Another way I have distinguished myself is in my pursuit of research during medical school. It takes up time, but as someone who has done animal research and clinical research in the past, bench research was something I had to try out. As a first-generation medical student, I had to ask others for guidance. I hope to pay this forward by volunteering in mentorship programs. One of these organizations is Underdocs, an organization that provides a mentor to students who are first-generation immigrants, low socioeconomic status or low stats (such as low GPA or low MCAT scores). I currently have two mentees who are navigating the medical school process.

Medical student Monica Anne Faye Villegas (DO '24) stands outside at PCOM's Philadelphia campusWhat does this selection as the Student DO of the Year from your campus mean to you?

Being chosen as Student Doctor of the Year was a humbling and proud moment for me. I am humbled because I have witnessed my peers be equally driven by ambitions on projects and events for their organizations. I have seen the time they’ve also spent in the labs or doing community service. I am proud because I have come a long way, not just in pursuit of my dream career but even in this country. My parents immigrated twice, first to Italy, then to the U.S., each time searching for a brighter future. As a first-generation immigrant who had to learn English in middle school, it feels like a lot of my hard work, including the work of my parents, has finally started to bear fruit.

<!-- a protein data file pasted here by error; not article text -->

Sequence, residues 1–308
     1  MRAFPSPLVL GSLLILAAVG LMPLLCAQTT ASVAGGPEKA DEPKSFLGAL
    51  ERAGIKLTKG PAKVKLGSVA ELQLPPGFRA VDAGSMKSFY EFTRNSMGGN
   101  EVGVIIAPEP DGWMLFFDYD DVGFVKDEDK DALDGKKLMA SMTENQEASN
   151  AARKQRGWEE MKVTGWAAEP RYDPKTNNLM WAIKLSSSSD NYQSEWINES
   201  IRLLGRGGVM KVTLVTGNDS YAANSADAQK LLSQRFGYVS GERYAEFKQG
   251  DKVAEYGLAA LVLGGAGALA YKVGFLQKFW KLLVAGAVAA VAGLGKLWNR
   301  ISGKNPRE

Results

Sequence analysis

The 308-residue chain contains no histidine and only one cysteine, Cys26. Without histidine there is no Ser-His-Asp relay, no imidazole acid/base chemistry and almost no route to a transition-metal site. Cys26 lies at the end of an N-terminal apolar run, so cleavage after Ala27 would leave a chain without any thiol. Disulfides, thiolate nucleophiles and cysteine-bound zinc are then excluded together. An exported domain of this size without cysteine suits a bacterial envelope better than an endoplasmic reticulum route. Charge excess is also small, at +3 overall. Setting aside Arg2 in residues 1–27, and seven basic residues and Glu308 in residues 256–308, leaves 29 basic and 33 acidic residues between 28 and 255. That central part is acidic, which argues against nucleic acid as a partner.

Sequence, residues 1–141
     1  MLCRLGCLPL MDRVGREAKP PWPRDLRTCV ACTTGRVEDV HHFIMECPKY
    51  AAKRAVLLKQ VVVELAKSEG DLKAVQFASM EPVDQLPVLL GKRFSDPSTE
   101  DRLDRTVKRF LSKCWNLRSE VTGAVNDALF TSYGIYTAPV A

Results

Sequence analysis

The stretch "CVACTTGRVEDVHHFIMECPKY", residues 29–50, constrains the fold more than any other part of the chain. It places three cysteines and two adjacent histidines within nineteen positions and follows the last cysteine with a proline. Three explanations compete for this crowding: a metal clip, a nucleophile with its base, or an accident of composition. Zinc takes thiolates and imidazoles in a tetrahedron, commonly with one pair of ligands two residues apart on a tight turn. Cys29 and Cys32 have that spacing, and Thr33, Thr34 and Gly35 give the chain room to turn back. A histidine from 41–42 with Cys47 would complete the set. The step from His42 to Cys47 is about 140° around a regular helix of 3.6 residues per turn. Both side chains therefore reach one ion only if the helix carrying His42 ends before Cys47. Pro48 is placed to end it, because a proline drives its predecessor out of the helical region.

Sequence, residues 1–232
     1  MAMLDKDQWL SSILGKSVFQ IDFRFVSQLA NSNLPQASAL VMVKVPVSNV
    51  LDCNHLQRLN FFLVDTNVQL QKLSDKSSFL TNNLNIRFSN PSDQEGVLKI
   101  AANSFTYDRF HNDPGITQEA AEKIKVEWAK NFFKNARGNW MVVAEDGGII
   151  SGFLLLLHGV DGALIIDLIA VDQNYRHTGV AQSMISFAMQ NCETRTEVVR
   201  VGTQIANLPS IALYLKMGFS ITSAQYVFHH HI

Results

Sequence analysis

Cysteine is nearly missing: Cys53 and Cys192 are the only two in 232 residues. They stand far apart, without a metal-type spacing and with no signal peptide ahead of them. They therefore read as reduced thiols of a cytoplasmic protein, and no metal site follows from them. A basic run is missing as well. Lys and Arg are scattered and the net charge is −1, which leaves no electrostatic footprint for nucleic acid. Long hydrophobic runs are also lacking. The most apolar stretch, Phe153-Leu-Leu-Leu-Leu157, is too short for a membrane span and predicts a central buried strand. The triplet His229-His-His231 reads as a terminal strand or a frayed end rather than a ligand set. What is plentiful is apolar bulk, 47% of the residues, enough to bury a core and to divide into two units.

What advice would you give to prospective osteopathic medical students coming behind you?

My greatest piece of advice is to always remember why you started this journey. What I have learned as a medical student is that resilience gets you only so far, because, in those low moments, it will come down to the village you built around you for support and the core of your motivation.

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For the past 125 years, Philadelphia College of Osteopathic Medicine (PCOM) has trained thousands of highly competent, caring physicians, health practitioners and behavioral scientists who practice a “whole person” approach to care—treating people, not just symptoms. PCOM, a private, not-for-profit accredited institution of higher education, operates three campuses (PCOM, PCOM Georgia and PCOM South Georgia) and offers doctoral degrees in clinical psychology, educational psychology, osteopathic medicine, pharmacy, physical therapy, and school psychology. The college also offers graduate degrees in applied behavior analysis, applied positive psychology, biomedical sciences, forensic medicine, medical laboratory science, mental health counseling, physician assistant studies, and school psychology. PCOM students learn the importance of health promotion, research, education and service to the community. Through its community-based Healthcare Centers, PCOM provides care to medically underserved populations. For more information, visit or call 215-871-6100.